Network Rail has hit back against claims it has a new programme to cut down large swathes of trackside trees.
The claim, made by the Guardian, said the rail operator had an £800M programme over control period 6 (CP6 – from 2019 to 2024) to cut down as many as 10M poplars, sycamores, limes, ash trees and horse chestnuts.
But Network Rail has now reacted to the claims saying its lineside policy had not changed since 2004 and it would not be changing in CP6 – with the exception of an additional 1.5m added on to the standard 5m boundary in the vicinity of overhead electric wires.
It said the document, referred to by the Guardian, was part of a suite of around 80 provided to the Office of Road and Rail (ORR) as part of the CP6 review which included some modelling data as part of the it.
A Network Rail spokesperson said: “Network Rail is constantly balancing the needs of the environment and its line side neighbours with the needs and safety of the 4.6M people who use and rely on our railway every day.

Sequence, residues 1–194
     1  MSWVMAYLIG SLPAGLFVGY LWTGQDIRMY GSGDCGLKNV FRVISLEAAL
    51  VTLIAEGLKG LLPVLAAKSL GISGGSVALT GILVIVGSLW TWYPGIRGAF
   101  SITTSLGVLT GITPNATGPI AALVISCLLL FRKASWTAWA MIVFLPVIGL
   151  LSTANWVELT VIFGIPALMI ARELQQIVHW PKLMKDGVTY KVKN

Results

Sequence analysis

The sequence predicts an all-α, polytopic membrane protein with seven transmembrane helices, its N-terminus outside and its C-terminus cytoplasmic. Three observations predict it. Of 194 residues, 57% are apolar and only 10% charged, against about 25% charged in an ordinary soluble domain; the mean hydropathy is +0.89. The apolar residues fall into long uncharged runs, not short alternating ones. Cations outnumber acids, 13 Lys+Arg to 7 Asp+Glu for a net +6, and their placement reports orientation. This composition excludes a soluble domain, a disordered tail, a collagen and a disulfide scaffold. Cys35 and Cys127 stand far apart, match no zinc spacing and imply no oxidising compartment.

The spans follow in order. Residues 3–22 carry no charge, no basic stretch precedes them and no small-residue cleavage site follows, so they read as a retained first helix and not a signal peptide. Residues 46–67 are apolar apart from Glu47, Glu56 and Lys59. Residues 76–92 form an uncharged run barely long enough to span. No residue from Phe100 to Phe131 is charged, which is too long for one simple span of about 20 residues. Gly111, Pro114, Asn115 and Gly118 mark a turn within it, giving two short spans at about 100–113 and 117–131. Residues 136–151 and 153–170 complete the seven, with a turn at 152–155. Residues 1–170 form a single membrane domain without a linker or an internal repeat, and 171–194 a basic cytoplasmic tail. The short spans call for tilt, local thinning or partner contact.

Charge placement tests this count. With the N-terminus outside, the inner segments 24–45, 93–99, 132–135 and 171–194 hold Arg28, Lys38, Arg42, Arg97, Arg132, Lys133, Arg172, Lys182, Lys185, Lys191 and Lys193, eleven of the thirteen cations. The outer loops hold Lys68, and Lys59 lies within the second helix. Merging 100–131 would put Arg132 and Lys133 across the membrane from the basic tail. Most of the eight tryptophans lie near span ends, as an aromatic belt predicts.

“As a result, [of the incidents] we have well thought out standards and policies in place that have been developed over many years with the help of expert that we believe strike the right balance and maintains a safe and biodiverse line side.
“Most of the time when putting those standards and policies into action we get it right, but sometimes we don’t. To help us improve we have formed close partnerships with the Tree Council, the Woodland Trust and others experts in the field.”
Last year Network Rail recorded over 400 incidents of trains colliding with fallen trees and a further 1,000 which caused delays to services, costing the industry over £100M.
On Wednesday this week, rail minister Jo Johnson waded into the debate by commissioning a review into Network Rail’s vegetation management.
The review, he said, would look at issues such as whether Network Rail had the capacity and capability to control vegetation in a way that minimised harm to wildlife, and if more training was needed to help with tree identification and identifying approaches to avoid the felling of trees.
He also asked Network Rail to suspend all felling until August, except where it was safety critical.
The suspension was made in response to calls from wildlife organisations such as the RSPB, that the carrying out of lineside management during the nesting season could have a detrimental impact on local wildlife.
Network Rail replied to the move saying it welcomed the review and “the opportunity to further improve”.